Earlier this year, a group of scientists claimed with certainty that tiny fossils uncovered inside a meteorite found in Sri Lanka in late December 2012, are proof of extraterrestrial life. A paper was published in the Journal of Cosmology (1)(3) by Chandra Wickramasinghe. Wickramasinghe is the director of the Buckingham Centre for Astrobiology at the University of Buckingham in the U.K. The study was conducted alongside researchers at the School of Mathematics at Cardiff University and from the Medical Research Institute in Colombo, Sri Lanka.
They found “a microstructure and morphology characteristic of a wide class of terrestrial diatoms.” The group concluded that “the presence of structures of this kind in any extraterrestrial setting could be constructed as unequivocal proof of biology.” Cardiff University was asked to proof-check and analyze the findings, which it did, concluding that the samples were “unequivocally meteorites” and that the analysis of the material structure showed that algae-like fossils were native to it.
This is the first-ever evidence of extraterrestrial life found in a celestial body. The researchers used sophisticated methods like X-ray diffraction, triple oxygen isotope analysis and scanning electron microscopy.
In 1962, Hoyle and I pioneered the theory of carbon grains in space to replace the old ice grain theory. This was vehemently resisted by the astronomical community at the outset, but with the dawn of infrared spectroscopy, the ice grain theory gave way to the carbon dust theory. Over a few years, after a great deal of model-fitting, we came to the conclusion that material similar to biomaterial fitted all the available data in astronomy. We considered the possibility that microbiology had a universal character, and no observations in astronomy or new information from biology has provided contrary evidence.If only ideas that are considered orthodox are given support through award of grans or publication opportunities, it is certain that the progress of science will be stifled as it was throughout the middle ages – Wickramsinghe
English astronomer Sir Fred Hoyle along with Wickramasinghe co-developed a theory known as “panspermia,” which suggests that life exists throughout the universe and is distributed by meteoroids and asteroids. It’s quite a synchronicity that this meteorite found in Sri Lanka happened to fall in their lap, potentially proving their theory correct.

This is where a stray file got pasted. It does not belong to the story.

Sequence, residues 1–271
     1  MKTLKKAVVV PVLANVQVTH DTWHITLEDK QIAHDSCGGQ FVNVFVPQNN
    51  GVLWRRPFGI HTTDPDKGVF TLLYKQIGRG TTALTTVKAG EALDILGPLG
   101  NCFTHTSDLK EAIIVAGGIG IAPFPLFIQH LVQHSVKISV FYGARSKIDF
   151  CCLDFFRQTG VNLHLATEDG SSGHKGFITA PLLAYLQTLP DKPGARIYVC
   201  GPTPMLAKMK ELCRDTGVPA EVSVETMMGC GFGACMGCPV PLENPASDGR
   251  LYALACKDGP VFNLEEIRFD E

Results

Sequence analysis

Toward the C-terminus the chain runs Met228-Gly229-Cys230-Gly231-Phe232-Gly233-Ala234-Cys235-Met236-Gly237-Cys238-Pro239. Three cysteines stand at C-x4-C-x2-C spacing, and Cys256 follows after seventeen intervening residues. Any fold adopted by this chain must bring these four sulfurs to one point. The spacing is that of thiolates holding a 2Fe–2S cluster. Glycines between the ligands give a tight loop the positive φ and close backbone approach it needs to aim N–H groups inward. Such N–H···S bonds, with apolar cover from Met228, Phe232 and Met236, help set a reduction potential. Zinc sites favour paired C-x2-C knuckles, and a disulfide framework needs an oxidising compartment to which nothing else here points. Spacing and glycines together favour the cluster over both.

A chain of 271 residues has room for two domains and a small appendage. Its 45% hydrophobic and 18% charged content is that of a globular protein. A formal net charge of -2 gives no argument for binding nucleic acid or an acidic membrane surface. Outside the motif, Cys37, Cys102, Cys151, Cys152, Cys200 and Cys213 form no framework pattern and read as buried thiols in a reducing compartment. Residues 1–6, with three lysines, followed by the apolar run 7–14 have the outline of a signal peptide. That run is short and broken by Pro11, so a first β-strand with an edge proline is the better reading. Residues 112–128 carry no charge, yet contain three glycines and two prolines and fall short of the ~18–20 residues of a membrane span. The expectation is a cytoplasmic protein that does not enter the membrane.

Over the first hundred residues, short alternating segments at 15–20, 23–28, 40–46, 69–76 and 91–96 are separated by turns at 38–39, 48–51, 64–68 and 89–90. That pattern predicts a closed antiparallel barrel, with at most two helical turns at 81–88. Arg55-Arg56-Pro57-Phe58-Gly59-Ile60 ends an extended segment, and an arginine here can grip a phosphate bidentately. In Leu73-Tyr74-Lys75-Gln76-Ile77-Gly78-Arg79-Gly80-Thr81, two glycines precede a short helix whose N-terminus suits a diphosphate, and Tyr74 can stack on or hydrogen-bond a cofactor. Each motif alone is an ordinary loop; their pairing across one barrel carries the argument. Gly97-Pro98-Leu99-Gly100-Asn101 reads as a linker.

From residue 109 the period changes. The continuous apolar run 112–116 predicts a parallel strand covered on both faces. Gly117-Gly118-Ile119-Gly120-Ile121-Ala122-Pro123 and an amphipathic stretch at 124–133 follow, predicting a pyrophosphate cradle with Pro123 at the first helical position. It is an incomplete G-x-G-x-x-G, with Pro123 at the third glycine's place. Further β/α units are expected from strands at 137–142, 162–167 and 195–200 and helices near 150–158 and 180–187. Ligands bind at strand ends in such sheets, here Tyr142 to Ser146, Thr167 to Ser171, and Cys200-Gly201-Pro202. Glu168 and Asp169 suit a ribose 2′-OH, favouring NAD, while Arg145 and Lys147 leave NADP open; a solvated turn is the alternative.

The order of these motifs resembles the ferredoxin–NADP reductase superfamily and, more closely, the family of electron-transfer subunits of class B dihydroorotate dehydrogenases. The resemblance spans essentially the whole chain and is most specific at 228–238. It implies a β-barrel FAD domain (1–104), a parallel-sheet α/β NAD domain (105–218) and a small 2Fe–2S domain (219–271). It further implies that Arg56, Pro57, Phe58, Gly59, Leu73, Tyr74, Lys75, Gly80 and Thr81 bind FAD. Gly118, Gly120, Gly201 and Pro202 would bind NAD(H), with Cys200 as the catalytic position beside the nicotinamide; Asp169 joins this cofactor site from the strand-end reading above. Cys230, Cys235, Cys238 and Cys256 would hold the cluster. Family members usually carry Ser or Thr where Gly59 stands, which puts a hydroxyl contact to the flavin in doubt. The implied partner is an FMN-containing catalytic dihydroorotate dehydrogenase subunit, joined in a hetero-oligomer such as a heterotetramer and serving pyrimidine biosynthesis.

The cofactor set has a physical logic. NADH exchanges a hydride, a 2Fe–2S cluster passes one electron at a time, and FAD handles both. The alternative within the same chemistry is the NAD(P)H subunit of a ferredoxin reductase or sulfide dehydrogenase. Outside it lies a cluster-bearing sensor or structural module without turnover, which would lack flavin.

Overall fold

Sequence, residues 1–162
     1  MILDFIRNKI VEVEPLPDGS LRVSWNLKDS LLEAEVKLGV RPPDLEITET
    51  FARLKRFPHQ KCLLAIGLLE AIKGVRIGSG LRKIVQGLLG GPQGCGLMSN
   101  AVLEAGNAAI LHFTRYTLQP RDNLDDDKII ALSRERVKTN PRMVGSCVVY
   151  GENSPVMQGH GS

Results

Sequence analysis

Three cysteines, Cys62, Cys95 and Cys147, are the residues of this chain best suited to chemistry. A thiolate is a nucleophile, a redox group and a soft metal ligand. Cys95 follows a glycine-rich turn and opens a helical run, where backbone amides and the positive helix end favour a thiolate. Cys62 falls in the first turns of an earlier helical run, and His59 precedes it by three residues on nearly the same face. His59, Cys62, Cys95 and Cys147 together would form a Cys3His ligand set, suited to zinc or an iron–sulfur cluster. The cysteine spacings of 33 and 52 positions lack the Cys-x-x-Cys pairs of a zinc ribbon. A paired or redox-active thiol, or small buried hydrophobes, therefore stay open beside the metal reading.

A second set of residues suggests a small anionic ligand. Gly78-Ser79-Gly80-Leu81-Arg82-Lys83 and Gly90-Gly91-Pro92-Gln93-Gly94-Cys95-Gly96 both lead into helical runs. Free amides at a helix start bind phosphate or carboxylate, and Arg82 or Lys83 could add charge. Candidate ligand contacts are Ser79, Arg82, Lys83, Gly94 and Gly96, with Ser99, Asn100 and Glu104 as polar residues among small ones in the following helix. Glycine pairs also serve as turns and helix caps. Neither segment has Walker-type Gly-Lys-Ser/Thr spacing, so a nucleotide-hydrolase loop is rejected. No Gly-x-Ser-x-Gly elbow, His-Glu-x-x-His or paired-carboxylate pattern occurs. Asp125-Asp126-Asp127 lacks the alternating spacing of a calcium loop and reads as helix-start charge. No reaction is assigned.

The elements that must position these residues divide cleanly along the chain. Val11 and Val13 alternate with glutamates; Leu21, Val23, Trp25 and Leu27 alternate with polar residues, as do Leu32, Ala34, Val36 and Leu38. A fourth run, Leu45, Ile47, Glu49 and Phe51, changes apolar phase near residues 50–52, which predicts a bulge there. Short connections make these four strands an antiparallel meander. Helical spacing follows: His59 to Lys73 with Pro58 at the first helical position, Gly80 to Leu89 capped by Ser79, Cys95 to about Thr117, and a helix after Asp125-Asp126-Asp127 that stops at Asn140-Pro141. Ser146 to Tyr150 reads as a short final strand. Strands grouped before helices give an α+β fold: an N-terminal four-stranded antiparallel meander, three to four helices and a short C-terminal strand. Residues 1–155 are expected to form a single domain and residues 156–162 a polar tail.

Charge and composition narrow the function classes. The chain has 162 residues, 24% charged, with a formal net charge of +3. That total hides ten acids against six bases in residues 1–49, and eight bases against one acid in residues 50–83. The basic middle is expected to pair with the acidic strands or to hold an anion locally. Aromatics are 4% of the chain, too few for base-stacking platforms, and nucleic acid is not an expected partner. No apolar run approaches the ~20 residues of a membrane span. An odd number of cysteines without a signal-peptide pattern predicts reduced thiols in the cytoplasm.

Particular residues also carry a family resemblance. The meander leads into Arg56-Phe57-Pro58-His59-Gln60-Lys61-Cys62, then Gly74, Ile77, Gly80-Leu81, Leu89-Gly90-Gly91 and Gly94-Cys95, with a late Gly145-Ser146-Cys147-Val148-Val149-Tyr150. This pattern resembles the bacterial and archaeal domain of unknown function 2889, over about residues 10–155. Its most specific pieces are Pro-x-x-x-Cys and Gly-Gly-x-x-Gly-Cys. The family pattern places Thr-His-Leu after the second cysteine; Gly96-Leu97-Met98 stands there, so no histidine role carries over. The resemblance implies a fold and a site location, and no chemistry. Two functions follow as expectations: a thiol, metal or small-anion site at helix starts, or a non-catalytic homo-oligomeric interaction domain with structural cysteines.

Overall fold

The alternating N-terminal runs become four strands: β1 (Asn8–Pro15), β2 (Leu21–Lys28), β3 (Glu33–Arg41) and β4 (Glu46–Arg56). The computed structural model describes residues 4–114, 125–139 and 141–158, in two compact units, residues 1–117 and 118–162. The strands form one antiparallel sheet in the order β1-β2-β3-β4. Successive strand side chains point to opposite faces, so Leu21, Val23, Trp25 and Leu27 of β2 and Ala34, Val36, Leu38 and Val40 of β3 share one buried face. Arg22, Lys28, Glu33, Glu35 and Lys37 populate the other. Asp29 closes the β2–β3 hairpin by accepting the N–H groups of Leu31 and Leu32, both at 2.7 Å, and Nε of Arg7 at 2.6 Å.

We conclude that the identification of fossilized diatoms in the Polonnaruwa meteorite is firmly established and unimpeachable. Since this meteorite is considered to be an extinct commentary fragment, the idea of microbial life carried within comets and the theory of cometary panspermia is thus vindicated. This was also the guess of the Sri Lankan geologists who first looked at the rock. I personally have no doubt whatsoever that this was a stone that fell from the skies – Wickramsinghe
This isn’t the first time that extraterrestrial life has been confirmed, according to Wickramasinghe. In an earlier paper (2) that he co-authored in 2012 titled “Non-terrestrial origin of life: a transformative research paradigm shift” where the abstract reads:
Theories and hypotheses in science are continually subject to verification, critical re-evaluation, revision and indeed evolution, in response to new observations and discoveries. Theories of the origin of life have been more constrained than other scientific theories and hypotheses in this regard, through the force of social and cultural pressures. There has been a tendency to adhere too rigidly to a class of theory that demands a purely terrestrial origin of life. For nearly five decades evidence in favour of a non-terrestrial origin of life and panspermia has accumulated which has not been properly assessed. A point has now been reached that demands the serious attention of biologists to a possibly transformative paradigm shift of the question of the origin of life, with profound implications across many disciplines – Wickramsinghe
Just to reiterate, these scientists are claiming to have found fossilized biological structures in a Sri Lankan meteorite of extraterrestrial origin. The researchers say that tiny algae-like fossils found in meteorite fragments could not have originated on our planet. There have been critics that say the stone was of terrestrial origin, and the study addressees these concerns and debunks them with scientific evidence (1)(3).
Extraterrestrial Life and Intelligent Extraterrestrial Life
This is a very significant finding, it’s the first time that a direct scientific find of extraterrestrial life can be confirmed. You would think that it would make major headlines, but unfortunately it didn’t. As illustrated in an earlier paper (2), a point has now been reached that demands the serious attention of biologists to a possibly transformative paradigm shift on the question about the origin of life. It’s well known that theories about the origin of life have been very constrained, more so than other scientific theories and hypotheses due to the force of social and cultural pressures(2). The question of extraterrestrial life, and even beyond that, intelligent extraterrestrial life is currently playing a large role in a massive and transformative paradigm shift that is currently occurring on our planet.
On one hand, we have mainstream science looking for signs for extraterrestrial life, on the other hand we have a very large amount of evidence to suggest that intelligent extraterrestrial life has already been discovered -and that this shocking paradigm shifting information has been concealed from the public for over 70 years. What do you think?